Vail’s tales: When The King came to town
VAIL – Somewhere between Svelte Elvis and Fat Elvis, there was Vail Elvis.
Elvis Presley spent his 41st birthday, Jan. 8, in Vail doing what he usually did: sleeping all day and staying up all night.
It seems The King of Rock ‘n’ Roll stayed in a house on Mill Creek Circle and never ventured out during the day.
He spent his nights doing what many Great Americans do, worshipping the altar of the internal combustion engine. The King rode snowmobiles all night – all over Golden Peak and the Forest Service land around it.
Relax, he had permission. We couldn’t quite find out from whom, but someone told the King it was perfectly fine to crank up those snow machines all night long.
Perfectly … fine.
You won’t be surprised to learn that Elvis brought at least three Cadillacs to Vail and gave them away to a couple of Denver policemen who were working as part of his security force.
A Denver television reporter named Don McKinney got the other one. McKinney was reporting on Elvis’ Vail escapades and made a wisecrack on the air while reporting the story. It seems he said something like “…and Elvis, if you’re watching, I would like one too.”
Not much later a man began calling McKinley’s TV station insisting he was Elvis. No one believed him and hung up the phone.
You don’t get to be The King by giving up easily.
Elvis called several times and each time no one believed him and hung up the phone.
Finally McKinley took the call and became convinced it was Elvis, who offered him that third Cadillac. McKinley talked it over with his boss, a wonderful and understanding man, and accepted the Cadillac.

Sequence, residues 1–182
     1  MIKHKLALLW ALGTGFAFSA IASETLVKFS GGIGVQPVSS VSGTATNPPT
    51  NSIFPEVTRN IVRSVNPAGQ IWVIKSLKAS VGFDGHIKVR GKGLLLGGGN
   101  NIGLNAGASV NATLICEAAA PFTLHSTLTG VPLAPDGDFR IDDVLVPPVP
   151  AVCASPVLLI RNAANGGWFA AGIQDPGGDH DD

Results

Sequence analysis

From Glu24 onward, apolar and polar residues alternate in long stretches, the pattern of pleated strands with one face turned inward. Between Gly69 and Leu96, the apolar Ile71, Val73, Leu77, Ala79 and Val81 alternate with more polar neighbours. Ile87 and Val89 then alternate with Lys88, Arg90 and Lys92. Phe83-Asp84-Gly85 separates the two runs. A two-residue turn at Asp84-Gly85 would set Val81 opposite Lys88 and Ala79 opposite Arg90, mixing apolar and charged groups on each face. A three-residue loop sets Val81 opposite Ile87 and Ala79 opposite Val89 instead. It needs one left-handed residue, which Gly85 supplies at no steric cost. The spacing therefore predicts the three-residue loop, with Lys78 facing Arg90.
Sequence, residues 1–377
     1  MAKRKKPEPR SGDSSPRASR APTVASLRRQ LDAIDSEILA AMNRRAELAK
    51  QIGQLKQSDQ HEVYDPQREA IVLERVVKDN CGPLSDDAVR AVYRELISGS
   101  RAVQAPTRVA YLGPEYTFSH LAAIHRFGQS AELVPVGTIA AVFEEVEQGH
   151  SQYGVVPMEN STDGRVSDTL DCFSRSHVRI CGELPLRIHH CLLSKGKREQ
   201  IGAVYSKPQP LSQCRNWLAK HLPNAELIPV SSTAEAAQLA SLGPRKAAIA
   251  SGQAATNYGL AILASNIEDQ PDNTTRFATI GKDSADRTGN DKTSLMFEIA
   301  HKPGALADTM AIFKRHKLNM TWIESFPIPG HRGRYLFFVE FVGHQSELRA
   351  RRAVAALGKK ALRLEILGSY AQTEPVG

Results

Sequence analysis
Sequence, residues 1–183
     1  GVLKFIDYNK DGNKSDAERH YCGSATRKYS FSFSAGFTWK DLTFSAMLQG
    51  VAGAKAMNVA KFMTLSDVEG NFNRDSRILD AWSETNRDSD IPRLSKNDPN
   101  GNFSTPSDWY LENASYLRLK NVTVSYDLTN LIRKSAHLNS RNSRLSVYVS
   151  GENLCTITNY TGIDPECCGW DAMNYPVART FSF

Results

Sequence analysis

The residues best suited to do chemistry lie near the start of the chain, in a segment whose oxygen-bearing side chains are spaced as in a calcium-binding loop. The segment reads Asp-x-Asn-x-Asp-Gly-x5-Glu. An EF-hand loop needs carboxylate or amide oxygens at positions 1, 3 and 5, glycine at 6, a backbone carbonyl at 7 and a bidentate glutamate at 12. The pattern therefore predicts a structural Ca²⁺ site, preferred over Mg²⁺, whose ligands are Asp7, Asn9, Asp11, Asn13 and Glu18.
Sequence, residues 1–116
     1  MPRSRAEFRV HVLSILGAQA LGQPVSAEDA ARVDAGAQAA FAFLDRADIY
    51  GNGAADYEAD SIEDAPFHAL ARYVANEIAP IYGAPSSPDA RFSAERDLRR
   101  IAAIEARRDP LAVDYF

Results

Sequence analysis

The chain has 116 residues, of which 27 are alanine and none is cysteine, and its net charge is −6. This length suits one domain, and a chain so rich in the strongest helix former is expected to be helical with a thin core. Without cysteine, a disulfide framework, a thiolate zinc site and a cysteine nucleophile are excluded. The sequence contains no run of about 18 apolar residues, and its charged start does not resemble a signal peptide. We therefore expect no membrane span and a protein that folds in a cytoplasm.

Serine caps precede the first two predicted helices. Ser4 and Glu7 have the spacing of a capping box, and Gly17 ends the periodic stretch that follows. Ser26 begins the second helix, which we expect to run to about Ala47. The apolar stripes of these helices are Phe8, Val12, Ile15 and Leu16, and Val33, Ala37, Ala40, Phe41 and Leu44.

He drove it for several years and donated it to the Forney Museum in Denver.
Local freelance photographer Susan Biddle got an assignment from a gossip tabloid to get a photo of Elvis’s Vail excursion.
While she was on Elvis watch, it was Biddle who discovered that The King slept all day, took snowmobile trips up to Forest Service land at night, and returned about 5 a.m.
Biddle was nothing if not resourceful. She borrowed a dog from a friend and pretended to be walking it in front of the Elvis house, insisting that she wasn’t going to jump out of the bushes to get a shot. We’re not sure if she got the shot.
Pam Conklin worked for Vail Associates in those days and when cranky callers complained about the Presley Posse snowmobiling on Golden Peak after dark, it was her phone that rang.
Then, as now, Vail police are a curious lot and decided to check it out. When the Vail police arrived, Officer Roy Romero, one of Vail’s finest, became one of the few to have an actual Vail Elvis Sighting.
Romero said the reclusive King was wearing a ski mask and a Denver police badge. At first Romero didn’t believe it was Elvis, but there’s just something convincing when the King says, “Thank you, thank you very much!”
Elvis was being escorted by Capt. Jerry Kennedy of the Denver Police Department, whom The King had hired to work security.
Romero was one of the only people who could ever walk up to an Elvis event and say to the doorman, “I’m on the list. Romero was invited to a party the next day at the Elvis house, but politely declined, claiming other pressing non-Presley police business.
As a post script, McKinney told the fan site Elvis Australia (elvis.com/au) that he was in that Cadillac with his sons in Montana when it broke down. McKinney said later that day he heard the news bulletin on the radio that Elvis was dead.
Staff Writer Randy Wyrick can be reached at 970-748-2935 or firstname.lastname@example.org.
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